"One of the outstanding contributions to psychological thought in the last fifty years."- Professor Carl Rogers
"The author attempts to subject the great phenomenon of life to a new evaluation... Well written backed by powerful personal conviction, it contains many valuable practical hints."- American Journal of Psychotherapy
"Perhaps the most significant thinking since Freud and Adler... Unconditional faith in an unconditional meaning is Dr. Frankl's message to the reader."- American Journal of Psychiatry
Viktor E. Frankl (1905-1997) was an Austrian neurologist and pyschiatrist, and a Holocaust survivor. He was the founder of logotherapy, which has come to be called the Third Viennese School of Psychotherapy (after Freud's psychoanalysis and Adler's individual psychology).
Dr. Frankl's first article was published in 1924 in the International Journal of Psychoanalysis, and he went on to write twenty-seven books, which have been translated into virtually every major language in the world. The American edition of his book Man's Search for Meaning has sold millions of copies.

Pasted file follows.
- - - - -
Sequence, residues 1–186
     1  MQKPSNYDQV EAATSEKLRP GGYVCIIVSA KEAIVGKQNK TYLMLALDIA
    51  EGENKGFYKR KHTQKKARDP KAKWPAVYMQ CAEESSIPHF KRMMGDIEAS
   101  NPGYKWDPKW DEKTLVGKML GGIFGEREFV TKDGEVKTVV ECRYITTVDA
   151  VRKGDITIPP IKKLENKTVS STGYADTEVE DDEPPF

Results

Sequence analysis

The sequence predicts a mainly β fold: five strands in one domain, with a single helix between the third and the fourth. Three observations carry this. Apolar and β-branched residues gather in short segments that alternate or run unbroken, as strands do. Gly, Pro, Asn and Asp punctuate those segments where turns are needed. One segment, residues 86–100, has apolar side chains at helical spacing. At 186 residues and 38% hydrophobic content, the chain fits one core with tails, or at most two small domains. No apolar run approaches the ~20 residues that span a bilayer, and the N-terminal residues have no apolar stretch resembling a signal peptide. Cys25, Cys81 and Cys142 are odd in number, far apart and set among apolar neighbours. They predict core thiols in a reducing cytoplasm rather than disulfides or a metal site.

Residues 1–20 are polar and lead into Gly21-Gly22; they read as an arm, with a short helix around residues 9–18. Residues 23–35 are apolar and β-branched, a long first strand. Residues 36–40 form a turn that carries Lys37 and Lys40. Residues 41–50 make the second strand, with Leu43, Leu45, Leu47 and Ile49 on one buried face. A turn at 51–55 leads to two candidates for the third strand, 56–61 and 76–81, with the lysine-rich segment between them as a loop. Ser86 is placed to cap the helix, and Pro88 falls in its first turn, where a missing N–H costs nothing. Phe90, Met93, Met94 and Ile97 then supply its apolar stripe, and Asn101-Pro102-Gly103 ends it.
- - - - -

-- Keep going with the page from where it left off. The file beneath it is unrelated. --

A professor of neurology and psychiatry at the University of Vienna Medical School and distinguished professor of logotherapy at the United States International University in San Diego, California, Dr. Frankl was also a visiting professor at Harvard, Southern Methodist, Stanford, and Duquesne universities, and received honorary doctorate degrees from twelve universities. He was president of Austrian Medical Society of Psychotherapy and an honorary member of the Austrian Academy of Sciences. In 1985 he was awarded the Oskar Pfister Award by the American Psychiatric Association.
Dr. Frankl's works in English translation include The Doctor and Soul: From Psychotherapy to Logotherapy; Man's Search for Meaning: An Introduction to Logotherapy; Psychotherapy and Existentialism: Selected Papers in Logotherapy; The Will to Meaning: Foundations and Applications of Logotherapy; The Unconscious God: Psychotherapy and Theology; and The Unheard Cry for Meaning: Psychotherapy and Humanism.